His real claim to fame is Blackjack Forum, which was originally a quarterly print publication but is now a website. Some of the most famous professional gamblers and gambling writers have been published in Blackjack Forum, including Al Francesco and Keith Taft.
Our favorite book from Arnold Snyder is Blackbelt in Blackjack, which is as good an all-in-one guide to counting cards as you'll read. He also wrote The Blackjack Shuffle Tracker's Cookbook, The Poker Tournament Formula, and The Big Book of Blackjack, among others.
He's also well-known as an advocate for professional gamblers' rights. He's an expert witness in multiple cases related to this.
4. Edward O. Thorp
Ed Thorp is a math professor who wrote Beat the Dealer. This book proved mathematically that a player can get an edge over the casino at blackjack by counting cards. He also invented the first wearable computer.
He's also known for managing hedge funds and having a distinguished career as a math professor. He got his Ph.D. from the University of California and worked at MIT during the early 1960s. His academic career lasted into the early 1980s at various universities.
5. Ken Uston
Ken Uston is another famous blackjack player and author who is also a member of The Blackjack Hall of Fame. Among other things, he's famous for making the idea of team play in card counting more popular. He and his teammates won millions of dollars from the casinos in the 1970s.
He's also famous for being banned from casinos and trying to thwart their bands through the clever use of disguises. His New Jersey lawsuit succeeded in getting the courts to say that casinos couldn't ban card counters. As a result, Atlantic City casinos have some of the toughest blackjack games in the world.
Uston died in 1987 at the age of 52.
6. Stanford Wong
Stanford Wong's real name is John Ferguson. Like many card counters and professional blackjack players, he needed to keep his real name and identity on the down-low to avoid being banned by casinos. He's the author of Professional Blackjack.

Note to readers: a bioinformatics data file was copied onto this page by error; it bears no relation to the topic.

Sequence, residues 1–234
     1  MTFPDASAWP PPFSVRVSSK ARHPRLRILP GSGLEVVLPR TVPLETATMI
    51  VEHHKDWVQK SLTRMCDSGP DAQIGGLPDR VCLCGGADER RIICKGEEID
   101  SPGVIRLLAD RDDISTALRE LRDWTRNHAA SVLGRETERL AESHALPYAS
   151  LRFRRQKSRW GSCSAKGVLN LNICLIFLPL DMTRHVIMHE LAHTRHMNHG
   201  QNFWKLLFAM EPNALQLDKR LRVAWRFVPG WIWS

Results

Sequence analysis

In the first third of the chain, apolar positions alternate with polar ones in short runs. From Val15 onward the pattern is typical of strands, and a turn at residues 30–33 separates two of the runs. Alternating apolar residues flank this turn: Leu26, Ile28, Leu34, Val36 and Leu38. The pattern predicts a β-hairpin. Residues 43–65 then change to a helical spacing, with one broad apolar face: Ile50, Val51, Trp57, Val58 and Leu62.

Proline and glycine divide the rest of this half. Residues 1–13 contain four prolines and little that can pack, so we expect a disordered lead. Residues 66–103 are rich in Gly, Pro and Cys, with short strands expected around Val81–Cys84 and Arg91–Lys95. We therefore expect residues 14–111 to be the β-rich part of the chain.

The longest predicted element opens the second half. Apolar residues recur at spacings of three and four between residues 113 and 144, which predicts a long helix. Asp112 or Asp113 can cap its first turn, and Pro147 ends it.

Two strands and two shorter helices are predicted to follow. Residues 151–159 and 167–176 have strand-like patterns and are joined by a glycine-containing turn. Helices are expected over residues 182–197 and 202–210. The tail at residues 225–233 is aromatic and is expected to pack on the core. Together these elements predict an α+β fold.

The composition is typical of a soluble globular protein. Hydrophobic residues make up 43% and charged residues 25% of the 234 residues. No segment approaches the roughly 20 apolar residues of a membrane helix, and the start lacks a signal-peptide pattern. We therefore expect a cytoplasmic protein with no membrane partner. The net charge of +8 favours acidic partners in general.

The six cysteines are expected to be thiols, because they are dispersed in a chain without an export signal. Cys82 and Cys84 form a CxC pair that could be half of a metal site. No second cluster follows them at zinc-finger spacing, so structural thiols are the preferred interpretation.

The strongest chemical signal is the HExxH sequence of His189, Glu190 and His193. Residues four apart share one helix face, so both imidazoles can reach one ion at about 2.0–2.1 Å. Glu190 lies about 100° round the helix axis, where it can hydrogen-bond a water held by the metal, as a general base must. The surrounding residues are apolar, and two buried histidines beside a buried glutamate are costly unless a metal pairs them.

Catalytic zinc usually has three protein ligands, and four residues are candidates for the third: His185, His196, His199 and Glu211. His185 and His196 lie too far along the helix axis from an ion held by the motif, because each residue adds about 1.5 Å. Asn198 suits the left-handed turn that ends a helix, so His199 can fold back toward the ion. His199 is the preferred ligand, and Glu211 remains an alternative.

He's a member of The Blackjack Hall of Fame, and he's appeared on multiple television shows as a gambling expert. He owns Pi Yee Press, one of the better specialty publishers in the gambling niche.
7. Tommy Hyland
Tommy Hyland manages the Hyland Team of card counters. That's no big deal until you consider that the team has been in continuous operation since 1979, making it the longest-running blackjack team ever. The MIT Blackjack Team has nothing on Tommy Hyland.
His blackjack team launched in 1979 with an investment of $16,000 and 4 players. Within a year they'd won over $30,000 in Atlantic City. The Hyland Team uses multiple advantage play techniques, including shuffle tracking.
In the 1990s, the Hyland Team was arrested in Canada for cheating, but they won their court case-in part because of testimony from Arnold Snyder.
Tommy Hyland is known not only for being a great mathematician, but also for being an inspiring leader. His ability to create trust and loyalty among his team members makes him unusual in the gambling niche.
8. Max Rubin